Māngere church cluster family ‘in tears’ and ‘blindsided’ after positive tests

NZ Herald

A family at the centre of the country’s biggest COVID-19 cluster say they were in tears and felt blindsided after all seven of them tested positive for the virus.

The family is among five others linked to the church cluster in Auckland that has just left quarantine (MIQ).

Reflecting on her family’s ordeal with Delta, Patricia Tosoga said the family was “so blindsided by it because only one of us from our household went to the service and then came home, and our whole family got it.”

A month later, all seven family members are out of MIQ.

Tosoga says the hardest part was learning her infant boys also had the virus.

“I can honestly say that I was in tears as well as my whole family because just hearing that the little ones and the oldies were most vulnerable to it,” she said.

When the family contracted the virus, they were living in an overcrowded house in Avondale.

Sine being released from MIQ, they’ve been reunited and helped into a temporary home in Otahuhu.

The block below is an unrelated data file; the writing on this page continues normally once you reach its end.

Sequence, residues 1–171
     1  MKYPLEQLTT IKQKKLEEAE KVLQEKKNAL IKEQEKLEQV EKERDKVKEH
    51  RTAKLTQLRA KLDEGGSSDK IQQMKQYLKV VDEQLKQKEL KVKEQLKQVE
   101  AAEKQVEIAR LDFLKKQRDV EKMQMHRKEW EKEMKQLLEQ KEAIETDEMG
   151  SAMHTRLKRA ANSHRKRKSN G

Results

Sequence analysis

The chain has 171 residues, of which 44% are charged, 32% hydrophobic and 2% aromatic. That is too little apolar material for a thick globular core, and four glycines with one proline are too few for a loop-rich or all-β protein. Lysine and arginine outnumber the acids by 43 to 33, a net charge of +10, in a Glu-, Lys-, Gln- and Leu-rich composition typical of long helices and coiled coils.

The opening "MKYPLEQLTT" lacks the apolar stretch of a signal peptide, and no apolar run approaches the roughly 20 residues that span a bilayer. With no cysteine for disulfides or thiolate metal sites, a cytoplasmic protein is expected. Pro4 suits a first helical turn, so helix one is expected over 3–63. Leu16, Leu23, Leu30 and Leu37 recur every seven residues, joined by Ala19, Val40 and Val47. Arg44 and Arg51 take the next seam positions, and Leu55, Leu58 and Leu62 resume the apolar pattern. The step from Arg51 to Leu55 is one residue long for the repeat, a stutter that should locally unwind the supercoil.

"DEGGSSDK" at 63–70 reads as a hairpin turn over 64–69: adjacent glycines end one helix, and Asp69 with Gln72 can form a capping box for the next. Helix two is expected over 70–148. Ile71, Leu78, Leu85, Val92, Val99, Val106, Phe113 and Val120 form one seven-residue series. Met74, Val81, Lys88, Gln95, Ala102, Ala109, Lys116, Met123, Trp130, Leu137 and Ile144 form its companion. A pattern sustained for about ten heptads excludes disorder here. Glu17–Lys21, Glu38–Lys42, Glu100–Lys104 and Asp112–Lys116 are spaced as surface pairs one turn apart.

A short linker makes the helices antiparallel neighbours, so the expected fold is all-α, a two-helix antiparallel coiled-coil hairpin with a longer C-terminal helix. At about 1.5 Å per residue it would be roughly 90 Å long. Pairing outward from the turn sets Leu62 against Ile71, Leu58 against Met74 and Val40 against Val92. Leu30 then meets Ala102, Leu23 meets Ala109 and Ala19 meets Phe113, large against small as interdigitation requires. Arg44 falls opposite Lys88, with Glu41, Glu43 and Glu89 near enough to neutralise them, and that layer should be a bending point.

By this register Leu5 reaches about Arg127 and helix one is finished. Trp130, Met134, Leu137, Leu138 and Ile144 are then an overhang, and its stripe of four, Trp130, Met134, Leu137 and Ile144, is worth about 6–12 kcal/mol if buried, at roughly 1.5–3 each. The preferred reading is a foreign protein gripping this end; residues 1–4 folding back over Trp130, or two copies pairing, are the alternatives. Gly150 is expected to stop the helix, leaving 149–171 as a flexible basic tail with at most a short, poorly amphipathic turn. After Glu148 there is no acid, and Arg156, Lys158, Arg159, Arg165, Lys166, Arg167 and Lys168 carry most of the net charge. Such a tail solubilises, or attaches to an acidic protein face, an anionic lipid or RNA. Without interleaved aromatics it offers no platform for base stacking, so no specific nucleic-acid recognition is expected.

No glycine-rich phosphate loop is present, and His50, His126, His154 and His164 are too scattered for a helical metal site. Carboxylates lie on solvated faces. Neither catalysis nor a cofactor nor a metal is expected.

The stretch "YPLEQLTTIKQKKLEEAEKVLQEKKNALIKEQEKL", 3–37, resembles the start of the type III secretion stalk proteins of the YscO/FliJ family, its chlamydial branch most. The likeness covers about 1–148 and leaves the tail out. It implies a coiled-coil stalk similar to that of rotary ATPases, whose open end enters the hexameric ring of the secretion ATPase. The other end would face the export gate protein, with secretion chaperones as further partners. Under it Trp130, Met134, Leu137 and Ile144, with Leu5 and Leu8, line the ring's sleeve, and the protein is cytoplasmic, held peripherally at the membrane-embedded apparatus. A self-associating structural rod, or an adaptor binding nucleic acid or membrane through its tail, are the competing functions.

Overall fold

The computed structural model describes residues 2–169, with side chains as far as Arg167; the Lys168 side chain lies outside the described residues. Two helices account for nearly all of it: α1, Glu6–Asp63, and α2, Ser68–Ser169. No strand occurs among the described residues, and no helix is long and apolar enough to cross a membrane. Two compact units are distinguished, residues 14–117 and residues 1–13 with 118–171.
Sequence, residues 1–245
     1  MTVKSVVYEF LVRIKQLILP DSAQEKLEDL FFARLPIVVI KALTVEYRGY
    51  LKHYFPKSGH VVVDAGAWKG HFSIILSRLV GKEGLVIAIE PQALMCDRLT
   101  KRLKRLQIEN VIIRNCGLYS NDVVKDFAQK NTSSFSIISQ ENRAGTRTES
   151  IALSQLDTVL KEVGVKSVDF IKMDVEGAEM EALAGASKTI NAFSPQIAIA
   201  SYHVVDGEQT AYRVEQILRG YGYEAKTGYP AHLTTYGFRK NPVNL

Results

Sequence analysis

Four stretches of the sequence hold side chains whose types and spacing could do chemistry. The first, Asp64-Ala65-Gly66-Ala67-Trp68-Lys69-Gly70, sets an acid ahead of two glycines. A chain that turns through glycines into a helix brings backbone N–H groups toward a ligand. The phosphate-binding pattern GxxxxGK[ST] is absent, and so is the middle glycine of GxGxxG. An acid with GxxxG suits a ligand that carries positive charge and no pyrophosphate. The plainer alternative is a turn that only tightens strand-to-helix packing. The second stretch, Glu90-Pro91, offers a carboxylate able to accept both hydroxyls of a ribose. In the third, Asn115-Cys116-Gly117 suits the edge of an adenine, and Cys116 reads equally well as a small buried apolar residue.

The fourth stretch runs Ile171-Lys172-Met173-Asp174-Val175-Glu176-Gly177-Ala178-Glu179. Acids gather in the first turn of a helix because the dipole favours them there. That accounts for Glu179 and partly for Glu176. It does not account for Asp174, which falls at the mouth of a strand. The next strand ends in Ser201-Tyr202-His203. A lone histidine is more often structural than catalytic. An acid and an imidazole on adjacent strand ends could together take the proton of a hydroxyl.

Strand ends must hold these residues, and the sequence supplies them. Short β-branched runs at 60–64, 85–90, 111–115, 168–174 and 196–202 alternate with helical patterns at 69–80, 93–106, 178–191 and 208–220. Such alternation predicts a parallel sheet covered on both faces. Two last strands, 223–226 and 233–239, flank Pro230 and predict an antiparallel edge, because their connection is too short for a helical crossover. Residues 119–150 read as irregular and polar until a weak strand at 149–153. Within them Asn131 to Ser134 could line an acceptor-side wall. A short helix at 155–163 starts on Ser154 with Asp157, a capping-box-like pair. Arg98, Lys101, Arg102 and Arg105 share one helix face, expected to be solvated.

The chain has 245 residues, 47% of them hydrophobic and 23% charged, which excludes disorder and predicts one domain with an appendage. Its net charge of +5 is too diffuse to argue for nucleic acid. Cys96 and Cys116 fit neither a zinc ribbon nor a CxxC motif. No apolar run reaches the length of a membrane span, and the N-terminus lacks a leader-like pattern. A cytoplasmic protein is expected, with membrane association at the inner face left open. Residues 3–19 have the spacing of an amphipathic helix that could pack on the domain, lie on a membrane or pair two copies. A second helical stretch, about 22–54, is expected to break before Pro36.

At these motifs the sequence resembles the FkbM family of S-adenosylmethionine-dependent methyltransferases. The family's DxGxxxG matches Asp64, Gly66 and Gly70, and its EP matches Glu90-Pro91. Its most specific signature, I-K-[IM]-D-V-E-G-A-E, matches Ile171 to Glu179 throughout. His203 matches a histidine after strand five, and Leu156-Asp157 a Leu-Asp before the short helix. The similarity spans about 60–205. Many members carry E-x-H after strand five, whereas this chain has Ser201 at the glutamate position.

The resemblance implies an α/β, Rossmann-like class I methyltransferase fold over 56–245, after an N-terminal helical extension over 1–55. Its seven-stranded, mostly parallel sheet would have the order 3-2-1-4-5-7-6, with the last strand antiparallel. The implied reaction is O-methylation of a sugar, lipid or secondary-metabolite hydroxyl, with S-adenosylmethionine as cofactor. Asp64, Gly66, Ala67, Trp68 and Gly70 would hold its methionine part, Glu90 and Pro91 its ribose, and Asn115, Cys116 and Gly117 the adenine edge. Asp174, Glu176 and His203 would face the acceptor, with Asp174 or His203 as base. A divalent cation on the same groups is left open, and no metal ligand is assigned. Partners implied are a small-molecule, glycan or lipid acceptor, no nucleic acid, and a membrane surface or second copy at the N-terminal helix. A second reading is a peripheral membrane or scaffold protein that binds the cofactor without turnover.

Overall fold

“They’ve basically moved us in here as, like, transitional housing just to wait until they can find us a bigger home,” Tosoga said.

Although all the adults in Tosoga’s family worked, the money dried up when the positive results came in. This was the case for many in the Māngere church cluster,

“So they’ve all come out with a lot of uncertainty on jobs, on rent arrears, issues around mental health,” said Assembly of God church advocate Jerome Mika.

Cooperation is the only way to solve the problem, he says.

The response to Māori and Pasifika during the pandemic has long been considered too fragmented.

The Minister for Pacific Peoples, Su’a William Sio (pictured), says he’s listened and accepts the old way of responding doesn’t work for the most vulnerable.

“The siloed working of government doesn’t address the complexities of issues that these families face,” he said.

South Seas Healthcare and the Penina Trust, a Pacific-focused housing and mental health provider, have joined forces to help families recover from their COVID-19 crises.

“We understand our communities and their needs and it can’t just be [the] same old, same old,” said Penina Trust chief executive Roine Lealaiauloto.


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